In recent decades, developing countries have succeeded in getting many more boys and girls enrolled in school. However, this quantitative increase has been accompanied by a decrease in the quality of teaching. Improving this aspect is more difficult, because it collides with a number of the chronic problems of these educational systems. Several reports propose solutions and examples of best practices.
A few months ago The Economist shed light on a study published in February 2022 that showed how the reading skills of students from poor regions had been deteriorating in recent decades. The authors, two researchers from the American think tank Center for Global Development, relied on data from UNICEF long-standing reading comprehension tests in 87 developing countries.
Specifically, these tests evaluated the reading ability of different groups of people born between 1955 and 1995 who had spent a maximum of five years in primary school. With the data, the researchers were able to verify the decline in reading skills from schooling during this time.
More children in schools, but more failing reading exams
Certainly, the number of people who have received minimal reading instruction has increased, because school enrollment has also increased. For example, in Southern Asia, the percentage of girls born in the 1990s with at least five years of schooling is 76%, while it was less than 35% among those born in the 1960s. Something similar has occurred in sub-Saharan Africa, at 66% and 41%, respectively.
However, the quality of instruction appears to have declined. According to the report, at least three in ten people who have completed or nearly completed primary school are unable to understand a simple sentence at first glance, a proportion that has increased over time.
In most of the countries studied, the positive impact of schooling on reading comprehension has diminished over time
Specifically, this indicator has worsened in 56 of the 87 countries analyzed in the study, has improved in 14, and has remained more or less the same in the rest. There are important differences by region: while quality has been maintained in the Middle East, North Africa and Latin America as enrollment has increased –especially in the first two– in South Asia and Sub-Saharan Africa the percentage of solvent readers (those who attended at least five years of school) has plummeted. For example, in India or Ethiopia it has gone from almost 100% in the cohort born in the 1960s to 40% of those born in the 1990s.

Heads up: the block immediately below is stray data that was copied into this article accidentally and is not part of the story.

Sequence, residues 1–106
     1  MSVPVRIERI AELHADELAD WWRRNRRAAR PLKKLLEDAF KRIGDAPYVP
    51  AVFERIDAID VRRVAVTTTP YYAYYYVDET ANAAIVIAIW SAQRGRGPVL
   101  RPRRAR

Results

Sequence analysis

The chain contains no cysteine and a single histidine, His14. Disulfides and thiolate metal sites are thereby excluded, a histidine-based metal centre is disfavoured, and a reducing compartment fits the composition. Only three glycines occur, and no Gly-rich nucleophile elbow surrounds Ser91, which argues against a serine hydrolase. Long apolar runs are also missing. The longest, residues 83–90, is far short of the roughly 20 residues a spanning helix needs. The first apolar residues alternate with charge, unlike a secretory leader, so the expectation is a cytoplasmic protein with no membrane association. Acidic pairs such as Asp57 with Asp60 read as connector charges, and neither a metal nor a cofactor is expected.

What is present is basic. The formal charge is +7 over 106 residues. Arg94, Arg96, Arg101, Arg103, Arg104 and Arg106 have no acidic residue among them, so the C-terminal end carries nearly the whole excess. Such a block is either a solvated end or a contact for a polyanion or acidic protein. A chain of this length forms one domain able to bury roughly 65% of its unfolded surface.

Education with feet of clay
The sharp increase in enrollment in the 1990s and 2000s seems to have had an influence, which on the other hand is logical: when socio-culturally disadvantaged students, who were previously left out, enter the classroom, the average reading comprehension decreases. However, this factor by no means explains the whole story, since the downward trend had started earlier, in addition to the fact that it has never occurred in a few countries where the number of students has also grown.
The truth is that education in developing countries always stands on fragile ground. In addition to the absence of schools or the infrastructure to reach them, something that has gradually improved, other chronic problems must be taken into account: a financing system that is unstable to say the least and almost always insufficient; the shortage of teachers, or the lack of motivation of many due to low salaries (which sometimes leads them to look for supplemental private classes); lack of experience in managing schools and school districts; a labor market that does not demand specially qualified labor, which diminishes the added value of formal education. Not to mention other factors external to the school, but which also affect the school systems: wars, catastrophes, child malnutrition, child labor, ethnic marginalization or political instability.
Transparency and accountability
Various reports that have analyzed the educational crisis in third-world countries agree on the diagnosis: once the largest possible number of children are enrolled (quantitative policies), greater transparency when it comes to results and finances is key for improving the quality of instruction, teacher training and motivation.
This is pointed out, although with different nuances, by studies published by various international institutions (one from the World Bank in 2018, another from the International Initiative for Impact Evaluation in 2013) and by private researchers (“The Politics of Education in Developing Countries: from Schooling to Learning,” Oxford Academic, 2019, or “What works to improve the quality of student learning in developing countries?,” International Journal of Education Development, 2016).